Throughout the year male and female birds of the same species use various call notes to stay in contact with one another or as signals of alarm. For instance, male and female eastern towhees whistle a call that sounds like “tow-hee.” Therefore the common name.
During the breeding season, the male of the species makes the vocalization we recognize as song in order to establish a breeding territory, attract a female, and warn other males of the same or competing species out of that territory.
The male towhee’s song sounds for all the world like “drink-your-tea.” If you learn the phrases associated with specific calls and songs (“mnemonics” or memory devices), you will be able to identify birds readily whether you actually see them or not.
Some male birds can really sing. Rose-breasted grosbeaks sound like robins that have had music lessons. (Scarlet tanagers, on the other hand, sound like robins with a sore throat.) In my opinion, winter wrens emit the most sensational bird vocalization in the southern mountains: a musical series of bubbling warbles and trills that may last for five seconds or more.
There are several bird songs that seem to mystify people. You can hear their songs on a regular basis but never seem to locate the birds. I am invariably queried about these “mystery” songs each year. Two of the most common “mystery” birds of the southern mountains are the yellow-billed cuckoo and the ovenbird.
The yellow-billed cuckoo is a bird that is often heard but seldom seen. Along with the Swainson’s warbler, it is one of the most furtive birds that breeds in Western North Carolina. The cuckoo is known to farmers as the “rain crow” because its hollow, low-pitched “kowp, kowp, kwop, kwop” vocalizations are often sounded just before a summer thunderstorm.
If you must see a yellow-billed cuckoo, sit down near a black cherry tree that contains tent caterpillar nests and watch for movement. You may well have to sit there for a good while — bring your lunch — but you may be rewarded with a fleeting glimpse of the bird described as “a wandering voiced.”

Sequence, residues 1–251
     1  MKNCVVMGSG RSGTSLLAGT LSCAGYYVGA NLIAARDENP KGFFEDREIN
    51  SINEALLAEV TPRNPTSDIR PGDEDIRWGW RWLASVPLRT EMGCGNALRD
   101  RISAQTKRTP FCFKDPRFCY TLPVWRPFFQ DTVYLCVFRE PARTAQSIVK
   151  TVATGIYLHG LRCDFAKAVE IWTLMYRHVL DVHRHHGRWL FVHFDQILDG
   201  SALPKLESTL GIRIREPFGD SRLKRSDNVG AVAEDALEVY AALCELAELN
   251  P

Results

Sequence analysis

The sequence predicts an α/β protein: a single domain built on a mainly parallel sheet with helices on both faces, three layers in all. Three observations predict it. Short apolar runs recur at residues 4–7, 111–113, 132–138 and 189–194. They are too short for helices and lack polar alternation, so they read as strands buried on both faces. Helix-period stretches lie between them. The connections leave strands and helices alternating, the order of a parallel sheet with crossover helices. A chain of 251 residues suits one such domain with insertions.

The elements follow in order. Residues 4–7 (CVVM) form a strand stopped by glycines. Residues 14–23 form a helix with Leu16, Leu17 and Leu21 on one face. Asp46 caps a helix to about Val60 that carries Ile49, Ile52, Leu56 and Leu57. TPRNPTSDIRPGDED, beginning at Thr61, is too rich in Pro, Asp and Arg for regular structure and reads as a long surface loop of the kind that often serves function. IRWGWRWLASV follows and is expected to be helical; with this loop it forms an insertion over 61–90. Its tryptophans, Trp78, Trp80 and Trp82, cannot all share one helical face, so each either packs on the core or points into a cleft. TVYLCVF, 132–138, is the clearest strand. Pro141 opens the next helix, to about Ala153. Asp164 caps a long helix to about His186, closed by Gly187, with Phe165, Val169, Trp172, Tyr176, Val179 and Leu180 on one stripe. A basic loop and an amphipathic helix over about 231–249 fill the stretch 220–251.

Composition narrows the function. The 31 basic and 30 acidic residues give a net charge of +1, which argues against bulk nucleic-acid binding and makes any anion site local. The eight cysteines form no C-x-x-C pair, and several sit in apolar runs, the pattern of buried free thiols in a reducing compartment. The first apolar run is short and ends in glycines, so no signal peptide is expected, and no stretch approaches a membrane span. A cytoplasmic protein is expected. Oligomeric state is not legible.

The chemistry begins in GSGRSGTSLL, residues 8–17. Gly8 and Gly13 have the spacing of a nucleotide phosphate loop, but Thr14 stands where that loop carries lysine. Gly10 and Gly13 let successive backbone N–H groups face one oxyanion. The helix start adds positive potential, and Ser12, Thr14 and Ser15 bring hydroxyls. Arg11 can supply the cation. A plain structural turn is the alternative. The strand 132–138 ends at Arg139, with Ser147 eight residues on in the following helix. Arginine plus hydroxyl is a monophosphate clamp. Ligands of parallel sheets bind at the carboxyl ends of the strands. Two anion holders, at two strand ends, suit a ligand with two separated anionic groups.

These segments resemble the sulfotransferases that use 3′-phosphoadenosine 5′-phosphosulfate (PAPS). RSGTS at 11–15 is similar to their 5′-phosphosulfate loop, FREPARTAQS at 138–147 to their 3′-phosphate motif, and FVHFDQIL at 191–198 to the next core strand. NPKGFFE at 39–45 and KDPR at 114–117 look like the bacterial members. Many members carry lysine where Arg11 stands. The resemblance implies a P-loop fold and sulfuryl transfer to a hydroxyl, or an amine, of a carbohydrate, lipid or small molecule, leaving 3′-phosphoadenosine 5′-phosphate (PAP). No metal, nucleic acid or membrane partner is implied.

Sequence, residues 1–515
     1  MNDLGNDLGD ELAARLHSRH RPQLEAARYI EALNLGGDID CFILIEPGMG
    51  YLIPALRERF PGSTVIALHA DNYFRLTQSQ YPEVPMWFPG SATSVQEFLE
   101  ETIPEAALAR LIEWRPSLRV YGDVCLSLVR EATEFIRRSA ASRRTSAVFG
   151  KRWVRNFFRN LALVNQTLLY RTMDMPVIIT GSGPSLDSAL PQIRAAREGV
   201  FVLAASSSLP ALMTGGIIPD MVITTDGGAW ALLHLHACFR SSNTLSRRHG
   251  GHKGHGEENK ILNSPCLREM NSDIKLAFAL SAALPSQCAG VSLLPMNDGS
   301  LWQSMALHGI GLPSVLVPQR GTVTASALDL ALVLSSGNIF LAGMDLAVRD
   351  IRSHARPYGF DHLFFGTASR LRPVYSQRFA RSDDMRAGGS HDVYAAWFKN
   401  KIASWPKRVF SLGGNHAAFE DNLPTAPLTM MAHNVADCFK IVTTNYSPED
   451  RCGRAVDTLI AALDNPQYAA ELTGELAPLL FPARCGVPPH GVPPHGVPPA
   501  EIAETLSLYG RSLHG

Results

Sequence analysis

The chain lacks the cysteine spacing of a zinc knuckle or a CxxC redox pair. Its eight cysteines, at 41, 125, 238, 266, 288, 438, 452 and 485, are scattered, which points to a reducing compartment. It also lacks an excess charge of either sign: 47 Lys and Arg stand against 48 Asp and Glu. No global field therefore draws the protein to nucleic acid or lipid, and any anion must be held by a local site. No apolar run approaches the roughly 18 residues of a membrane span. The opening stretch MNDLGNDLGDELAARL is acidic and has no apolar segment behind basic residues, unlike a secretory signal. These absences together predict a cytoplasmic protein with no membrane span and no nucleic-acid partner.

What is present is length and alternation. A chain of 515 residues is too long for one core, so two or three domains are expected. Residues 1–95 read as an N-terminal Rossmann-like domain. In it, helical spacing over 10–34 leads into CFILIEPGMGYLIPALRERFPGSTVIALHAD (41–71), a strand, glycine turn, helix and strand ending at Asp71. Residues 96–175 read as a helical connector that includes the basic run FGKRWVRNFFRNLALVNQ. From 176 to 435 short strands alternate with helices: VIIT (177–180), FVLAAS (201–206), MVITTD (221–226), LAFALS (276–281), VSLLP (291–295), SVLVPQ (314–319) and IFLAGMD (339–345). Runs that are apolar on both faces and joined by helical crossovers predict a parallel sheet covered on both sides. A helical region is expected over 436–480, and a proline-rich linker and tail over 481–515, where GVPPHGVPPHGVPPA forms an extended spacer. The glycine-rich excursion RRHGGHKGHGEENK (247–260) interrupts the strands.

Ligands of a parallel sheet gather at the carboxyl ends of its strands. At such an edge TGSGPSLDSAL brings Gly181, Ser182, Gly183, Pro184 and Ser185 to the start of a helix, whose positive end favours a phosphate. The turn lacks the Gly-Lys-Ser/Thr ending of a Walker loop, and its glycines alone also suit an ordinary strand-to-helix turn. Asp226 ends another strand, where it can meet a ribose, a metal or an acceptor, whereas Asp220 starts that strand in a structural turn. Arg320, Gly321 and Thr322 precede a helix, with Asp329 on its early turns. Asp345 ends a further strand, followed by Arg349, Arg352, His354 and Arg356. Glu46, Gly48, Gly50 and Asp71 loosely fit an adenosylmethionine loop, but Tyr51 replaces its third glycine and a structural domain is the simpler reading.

The ovenbird resembles a thrush but is actually a warbler with an orange crown. It nests on the ground in an oven-shaped nest. All day long you can hear their rising “teach-teach-teach” vocalizations without ever seeing the bird except, at best, as a flitting shadow.
Fred Alsop notes in his Birds of the Smokies (1991) that ovenbirds sometimes create a “vocal domino pattern,” when “the singing of one territorial ovenbird often stimulates the adjacent territory holder to proclaim his presence, which induces a third male to announce that he is still on station, which may cause other males to follow suit or hand the challenge back to the original singer.”
There are many CD and cassette guides to bird calls and songs. Although I don’t recommend the two-volume Stokes Field Guide to Birds (1996) by Donald and Lillian Stokes as an everyday field guide, I do recommend Stokes Field Guide to Bird Songs (Time-Warner Audio Books, 1997) by Lang Elliott with Donald and Lillian Stokes. This 3-CD boxed set provides precise call and song recordings of 372 species. The 64-page band location booklet that comes with the set also provides one of the best listing of the “mnemonic” phrases used to recognize bird vocalizations that I am aware of.